From the time I first began buying plants from Pell’s Nursery in Osteen, Florida I was told to “rough up” the roots when the plant was removed from the pot.
I’m talking plastic pots here, which are the way big plants usually come. Often the plant is a bit root bound from growing in a container. In order for the plant to do well when it’s in the ground, the roots need to know they can now grow outwards.
Some plants with thick roots can actually be sliced, or cut to train them to spread. You do this at a few intervals around the root and dirt ball before it’s set into the ground. The Pell family gave me good advice and I always had excellent luck when adding their trees and bushes to my Florida landscape. Their planting suggestion was a good one.
These days little seedlings are often sold in biodegradable, plantable pots, which will disintegrate in the dirt. We are told to plop the whole thing (minus the bottom, says the label) into the ground. Easy-peasy, no muss, no fuss.
I don’t like it. Why would I want a pot in my garden? And what is it really made of? I also believe it inhibits plant growth. “Peel off bottom of pot for optimum root growth” – it says this on the plastic. So imagine if you let the roots around the sides have that optimum growth chance as well!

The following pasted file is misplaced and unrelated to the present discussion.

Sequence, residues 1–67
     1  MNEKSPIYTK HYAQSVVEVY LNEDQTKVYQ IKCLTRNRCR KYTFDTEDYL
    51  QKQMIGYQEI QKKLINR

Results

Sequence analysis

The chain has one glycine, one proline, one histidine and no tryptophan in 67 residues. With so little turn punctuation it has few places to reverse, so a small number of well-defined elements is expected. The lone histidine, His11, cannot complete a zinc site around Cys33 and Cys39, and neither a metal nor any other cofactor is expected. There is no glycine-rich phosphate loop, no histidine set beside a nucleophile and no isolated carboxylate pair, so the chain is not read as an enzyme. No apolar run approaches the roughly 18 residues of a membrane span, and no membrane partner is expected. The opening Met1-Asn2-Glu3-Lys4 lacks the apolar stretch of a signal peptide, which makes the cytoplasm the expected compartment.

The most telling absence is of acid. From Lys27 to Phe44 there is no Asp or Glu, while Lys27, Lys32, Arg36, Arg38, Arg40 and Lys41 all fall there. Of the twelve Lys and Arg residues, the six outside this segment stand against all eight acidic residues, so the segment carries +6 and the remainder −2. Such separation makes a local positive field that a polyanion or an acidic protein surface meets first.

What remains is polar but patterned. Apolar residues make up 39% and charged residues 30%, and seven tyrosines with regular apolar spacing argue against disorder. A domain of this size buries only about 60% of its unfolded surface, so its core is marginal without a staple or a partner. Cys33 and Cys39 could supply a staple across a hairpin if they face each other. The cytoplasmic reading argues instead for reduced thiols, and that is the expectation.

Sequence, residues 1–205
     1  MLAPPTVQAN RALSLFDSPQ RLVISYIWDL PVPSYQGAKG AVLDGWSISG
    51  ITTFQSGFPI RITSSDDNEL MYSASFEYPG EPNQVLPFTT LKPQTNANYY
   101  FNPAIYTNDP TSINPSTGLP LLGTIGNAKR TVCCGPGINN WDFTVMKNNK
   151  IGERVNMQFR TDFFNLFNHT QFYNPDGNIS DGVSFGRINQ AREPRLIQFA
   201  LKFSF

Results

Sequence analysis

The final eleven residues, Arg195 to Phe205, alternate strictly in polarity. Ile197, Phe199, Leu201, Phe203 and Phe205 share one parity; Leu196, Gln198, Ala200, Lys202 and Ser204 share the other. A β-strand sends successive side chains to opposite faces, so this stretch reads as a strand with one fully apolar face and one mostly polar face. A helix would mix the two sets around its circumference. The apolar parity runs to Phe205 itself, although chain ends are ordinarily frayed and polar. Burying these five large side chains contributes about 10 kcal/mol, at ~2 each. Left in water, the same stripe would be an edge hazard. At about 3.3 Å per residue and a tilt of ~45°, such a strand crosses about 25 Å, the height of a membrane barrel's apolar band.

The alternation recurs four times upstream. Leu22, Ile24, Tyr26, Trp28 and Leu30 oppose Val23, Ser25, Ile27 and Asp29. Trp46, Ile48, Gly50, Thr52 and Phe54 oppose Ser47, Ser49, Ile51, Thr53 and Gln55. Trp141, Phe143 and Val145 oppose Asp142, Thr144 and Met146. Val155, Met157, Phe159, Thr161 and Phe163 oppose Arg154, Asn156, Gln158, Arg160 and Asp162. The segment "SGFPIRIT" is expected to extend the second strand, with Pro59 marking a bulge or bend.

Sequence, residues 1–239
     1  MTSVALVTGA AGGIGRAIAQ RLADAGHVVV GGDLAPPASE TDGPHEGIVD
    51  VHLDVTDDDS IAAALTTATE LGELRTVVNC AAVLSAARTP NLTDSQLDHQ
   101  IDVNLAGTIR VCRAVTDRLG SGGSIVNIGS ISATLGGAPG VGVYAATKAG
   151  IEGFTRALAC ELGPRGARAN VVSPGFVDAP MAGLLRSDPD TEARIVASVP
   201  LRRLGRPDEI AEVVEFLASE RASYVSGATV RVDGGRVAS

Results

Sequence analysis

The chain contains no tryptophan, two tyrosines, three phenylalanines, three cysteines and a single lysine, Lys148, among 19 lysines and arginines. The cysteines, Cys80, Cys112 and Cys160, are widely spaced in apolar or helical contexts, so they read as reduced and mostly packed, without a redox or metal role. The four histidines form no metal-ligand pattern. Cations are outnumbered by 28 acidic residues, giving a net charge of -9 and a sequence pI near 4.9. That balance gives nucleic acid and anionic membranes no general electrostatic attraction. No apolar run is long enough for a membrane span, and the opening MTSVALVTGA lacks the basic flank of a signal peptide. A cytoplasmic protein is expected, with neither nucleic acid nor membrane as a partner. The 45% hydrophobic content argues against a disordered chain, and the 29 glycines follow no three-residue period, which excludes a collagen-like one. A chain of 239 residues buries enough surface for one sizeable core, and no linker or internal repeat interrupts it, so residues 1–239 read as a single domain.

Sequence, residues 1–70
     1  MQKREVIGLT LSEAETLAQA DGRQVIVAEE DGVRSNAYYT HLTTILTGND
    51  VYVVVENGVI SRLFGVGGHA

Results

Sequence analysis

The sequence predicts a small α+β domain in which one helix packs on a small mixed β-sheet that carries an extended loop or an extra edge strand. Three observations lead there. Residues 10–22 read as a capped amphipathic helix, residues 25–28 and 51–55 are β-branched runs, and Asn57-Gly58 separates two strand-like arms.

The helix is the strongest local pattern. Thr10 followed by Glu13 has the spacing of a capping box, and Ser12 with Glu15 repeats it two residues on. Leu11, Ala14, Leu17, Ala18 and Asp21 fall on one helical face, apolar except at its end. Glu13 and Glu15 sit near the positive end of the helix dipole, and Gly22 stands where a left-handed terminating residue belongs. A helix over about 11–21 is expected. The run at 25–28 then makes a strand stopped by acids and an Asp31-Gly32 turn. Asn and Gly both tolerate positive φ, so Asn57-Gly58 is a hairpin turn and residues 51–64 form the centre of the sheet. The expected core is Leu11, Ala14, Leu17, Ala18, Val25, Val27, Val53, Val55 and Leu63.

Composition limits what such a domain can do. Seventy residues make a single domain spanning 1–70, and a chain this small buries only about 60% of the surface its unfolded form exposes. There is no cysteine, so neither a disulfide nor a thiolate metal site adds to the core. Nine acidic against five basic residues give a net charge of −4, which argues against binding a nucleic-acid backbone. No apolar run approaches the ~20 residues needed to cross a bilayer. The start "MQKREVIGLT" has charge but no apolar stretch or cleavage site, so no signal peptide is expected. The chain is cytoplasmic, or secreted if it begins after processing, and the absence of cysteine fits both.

In short, it’s not necessary. Treat it like a regular pot and remove it.
I always remove the peat pot when I plant something purchased at the store (in my case the Home Depot). I do this because it releases the roots so they can instantly grow into the garden dirt in a natural way. I see no reason to add a pot to the garden soil. It’s just as easy to remove the plastic wrap and the pot.
This type of pot is often used for starting seeds. When I tried this when growing things for my northern garden, the pots began to turn moldy! So they aren’t necessarily a good choice for that either.
By the way, I’ve found that hot pepper plants are one of the easiest types of vegetable to grow.